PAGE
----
The Harbinger Online

News Briefs

School-wide:

The childhood classic Cinderella is coming to East as this year’s spring play. 55 actors make up the cast, and will perform the two-act play Feb. 11, 12 and 13 for high schoolers, middle schoolers and guests.

The cast, led by drama teacher Brian Capello, practices everyday after school for a couple of hours.

The lead role of Cinderella will be played by sophomore Savanna Worthington, along with senior Charlie Jensen as the prince.

“We still have a lot of work to do but it will come together in the end,” Worthington said. “The people in the play are very talented and we have a great director and it’s just going to be a really good show.”

Worthington explained what’s it like to be the lead role of such a huge play, after having experience being it in her middle school play, Grease.

“It’s a lot of pressure, but it’s super fun and I love the role [of] Cinderella,” Worthington said. “She has some really nice songs and nice costumes.”

Worthington and the cast will also be performing in front of students from Indian Hills Middle School, who Worthington said is “great for the students who look up to us and are coming into the theatre program.”

State-wide:

In a Top 20 poll from usatoday.com based on Yelp reviews, the Nelson-Atkins Museum of Art was voted the number one museum in the US for 2015. The award is proudly displayed on the Nelson’s website, next to a picture displaying their well-known outdoor sculptures.

At the Nelson-Atkins, visitors can observe ancient sculptures and paintings from all over the world while roaming the marble halls. The museum offers free admission as well as a dining room.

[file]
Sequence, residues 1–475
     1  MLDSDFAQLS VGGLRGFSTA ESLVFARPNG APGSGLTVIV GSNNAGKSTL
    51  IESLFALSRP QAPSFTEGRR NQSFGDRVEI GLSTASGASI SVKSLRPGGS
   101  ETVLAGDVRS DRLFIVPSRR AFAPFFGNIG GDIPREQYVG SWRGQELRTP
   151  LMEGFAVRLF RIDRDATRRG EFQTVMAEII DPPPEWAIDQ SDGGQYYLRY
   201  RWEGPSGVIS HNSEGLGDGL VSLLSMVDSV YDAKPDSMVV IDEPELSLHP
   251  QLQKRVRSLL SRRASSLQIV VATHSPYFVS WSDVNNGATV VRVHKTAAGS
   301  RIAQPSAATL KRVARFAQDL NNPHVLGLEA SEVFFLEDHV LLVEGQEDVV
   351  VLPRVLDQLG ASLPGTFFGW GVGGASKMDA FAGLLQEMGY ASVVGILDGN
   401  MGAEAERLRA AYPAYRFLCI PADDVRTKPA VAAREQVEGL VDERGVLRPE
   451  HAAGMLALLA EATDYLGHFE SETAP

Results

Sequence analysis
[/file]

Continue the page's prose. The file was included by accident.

Sophomore Alex Zugazagoitia, son of the CEO of the Nelson-Atkins museum, explained how his father reacted to winning.

“He came home super happy and actually weirded me out until he told me,” Zugazagoitia said.

The top 20 museums also listed the National World War I Museum at number five. The museum has many exhibits and a Liberty Memorial located outside the museum, dedicated to the people who lost their lives in WWI.

Soon after World War I ended, Kansas City leaders formed the Liberty Memorial Association to create a lasting monument. In 1919, the LMA and citizens of Kansas City raised more than $2.5 million in just 10 days, which is the equivalent of roughly $34 million today.

National/International:

With no winners of the Powerball on Jan. 9, the jackpot amount raised to $1.5 billion. This was the largest lottery amount in history, as there were 19 consecutive Powerball drawings with no winner.

The Powerball is a large jackpot game where you match all balls to win, five white balls are drawn out of a drum of 69 white balls. Then one red ball, known as the Powerball, is drawn out of a different drum with 26 balls, every Wednesday and Saturday.

Senior Drake Yost regularly buys lottery tickets, but did not buy the recent Powerball, as he knew the odds were against him.

“I didn’t buy any of the 1.5 billion Powerballs because I knew I would never win it,” Yost said. “I usually only buy scratchers because sometimes I win, and it’s funny to see how mad my friends get because I am wasting my money.”

With the odds of 1 in 292 million, there were three winning tickets from the numbers drawn Jan. 13. The tickets were sold in Chino Hills, Calif.; Munford, Tenn.; and in Melbourne Beach, Fla., according to money.cnn.com.

The lump sum will be $187.2 million each for the three winners. None of them will have to pay state taxes, as neither Florida nor Tennessee have a state income tax, and California has a decades-old law that exempts lottery winners from paying state taxes.

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